I checked the buildings with destination workers:
Neither of the theaters has any shows. Neither market has supplies.
So it looks like we have a reversed gate. With a gate, destination walkers apss through and random walkers remain behind.
A garden road keeps destination walkers out, and lets wanderers through.
I noticed that the market ladies seemed to move two gardens when looking for supplies. So I shortened the garden road from 3 gardens to 1 garden and 2 (plazad) road. The market ladies seemed to walk on, but not very far.
I replaced the amphitheater with a granary. the granary readily gets access to workers, but receives no fish. Not even after 6 months. And I do produce fish in super quantities.
Next experiment:
I replace some housing outside my district with a granary. The granary gets filled.
The market lady passes the 1 garden and 2 plaza, disappears under the granary, and comes out empty handed. Sigh...
Final experiment:
I replace the last garden tile with a road, wait until the market lady finds the granary, and then put a road back in.
When I connect them with a road, for some unexplained reason my housing devolved into small insulae. They complain of lack of furniture. The market ladies quickly follow their nose and avoid the granary with fish just opposite the road. Instead, they take a detour and do some sightseeing to visit two granaries located elsewhere.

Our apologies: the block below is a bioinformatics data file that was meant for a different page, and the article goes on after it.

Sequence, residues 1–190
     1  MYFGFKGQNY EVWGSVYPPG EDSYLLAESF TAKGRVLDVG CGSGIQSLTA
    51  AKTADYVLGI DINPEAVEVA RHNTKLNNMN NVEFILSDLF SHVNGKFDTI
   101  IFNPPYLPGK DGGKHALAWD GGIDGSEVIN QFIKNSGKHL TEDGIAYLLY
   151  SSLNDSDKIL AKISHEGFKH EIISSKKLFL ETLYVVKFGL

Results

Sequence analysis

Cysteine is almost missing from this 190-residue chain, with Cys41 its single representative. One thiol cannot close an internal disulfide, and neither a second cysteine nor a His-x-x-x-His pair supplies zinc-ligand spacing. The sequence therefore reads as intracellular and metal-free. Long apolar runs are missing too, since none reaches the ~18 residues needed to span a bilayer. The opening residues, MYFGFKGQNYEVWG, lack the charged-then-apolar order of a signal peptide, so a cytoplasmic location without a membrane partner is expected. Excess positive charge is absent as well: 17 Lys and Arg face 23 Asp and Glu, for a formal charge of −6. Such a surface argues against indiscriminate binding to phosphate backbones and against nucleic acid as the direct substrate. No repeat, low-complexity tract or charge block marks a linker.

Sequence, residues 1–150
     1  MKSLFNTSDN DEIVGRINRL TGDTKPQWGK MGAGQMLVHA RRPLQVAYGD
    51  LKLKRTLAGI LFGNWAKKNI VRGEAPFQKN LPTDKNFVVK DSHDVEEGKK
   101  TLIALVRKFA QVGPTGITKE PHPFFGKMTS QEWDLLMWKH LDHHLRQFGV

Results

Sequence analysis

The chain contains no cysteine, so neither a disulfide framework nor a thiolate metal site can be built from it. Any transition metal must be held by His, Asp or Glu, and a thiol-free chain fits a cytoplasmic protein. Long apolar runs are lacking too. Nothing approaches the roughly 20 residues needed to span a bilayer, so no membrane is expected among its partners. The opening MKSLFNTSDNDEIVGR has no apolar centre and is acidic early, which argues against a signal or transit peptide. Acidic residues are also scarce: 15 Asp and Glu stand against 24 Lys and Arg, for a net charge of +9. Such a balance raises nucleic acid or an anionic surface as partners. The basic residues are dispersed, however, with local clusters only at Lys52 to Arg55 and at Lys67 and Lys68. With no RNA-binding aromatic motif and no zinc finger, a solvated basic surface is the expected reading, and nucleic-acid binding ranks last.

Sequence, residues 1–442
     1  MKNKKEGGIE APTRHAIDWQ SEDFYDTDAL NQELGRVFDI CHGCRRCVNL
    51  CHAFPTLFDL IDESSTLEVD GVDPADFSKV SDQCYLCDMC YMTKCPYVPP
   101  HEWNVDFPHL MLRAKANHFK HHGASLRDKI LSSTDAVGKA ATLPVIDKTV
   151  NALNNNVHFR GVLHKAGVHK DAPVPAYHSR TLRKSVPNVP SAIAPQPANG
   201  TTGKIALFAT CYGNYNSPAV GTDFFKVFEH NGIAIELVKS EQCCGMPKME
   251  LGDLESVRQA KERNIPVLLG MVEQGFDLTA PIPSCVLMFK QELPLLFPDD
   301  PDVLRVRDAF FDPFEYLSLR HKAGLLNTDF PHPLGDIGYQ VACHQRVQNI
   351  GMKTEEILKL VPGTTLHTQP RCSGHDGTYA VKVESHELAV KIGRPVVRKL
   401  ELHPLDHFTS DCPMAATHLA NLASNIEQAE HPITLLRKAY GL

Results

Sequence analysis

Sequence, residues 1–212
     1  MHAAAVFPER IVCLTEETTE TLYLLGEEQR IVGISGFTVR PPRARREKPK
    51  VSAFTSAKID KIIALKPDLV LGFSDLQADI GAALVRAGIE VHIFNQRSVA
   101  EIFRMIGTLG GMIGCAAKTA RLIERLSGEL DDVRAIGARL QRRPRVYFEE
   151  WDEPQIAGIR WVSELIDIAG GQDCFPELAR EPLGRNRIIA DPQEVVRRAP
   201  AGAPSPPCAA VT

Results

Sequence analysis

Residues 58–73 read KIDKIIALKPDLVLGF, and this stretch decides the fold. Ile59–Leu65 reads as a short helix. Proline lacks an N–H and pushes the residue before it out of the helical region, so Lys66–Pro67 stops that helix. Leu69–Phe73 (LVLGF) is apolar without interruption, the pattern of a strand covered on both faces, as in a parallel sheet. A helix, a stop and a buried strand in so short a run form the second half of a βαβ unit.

They return laden witth fruit and fish. Speeking about smell, the whole island stinks of fish. They must be able to smell us in Rome, so juch fish is rotting.
OK, I remove 1 road tile and leave only a diagonal road connection, no orthgonal connection. My housing reastablishes itself at grand insulae level. Two markets are each loaded with 600 fish and 600 fruit. After a number of months the fruit and fish has been eaten, but the markets receive no new supplies.
Nice concept, but without use.

Reminds me of the time I studied mathematics. Someone spent 7 months to prove a thesis about a special kind of sets. Then he discovered that the only set fitting his definition was phi - the empty set, meaning nothing.

[Omnium harum gentium virtute praecipui Batavi non multum ex ripa]

posted 03-27-00 18:04 ET (US)     25 / 25  
Citizen Paul,

Most of us have watched market buyers ignore a granary with one food (typically fish) and go across the map for another food, while people in their houses starve. The moral: don't give market buyers (or anyone else) a chance to do something you don't want them to do.

Your observations are consistent with the idea that gardens pass only "wanderers", if we assume that the market ladies who passed through were market traders. My observation last night could be either a special case (when there is a road connection and the gardens are only a short cut) or a result of sleep deprivation.

I suspect that this concept could be put to good use sometime, somewhere, but I've done OK without it.

[This message has been edited by Brugle (edited 03-27-2000).]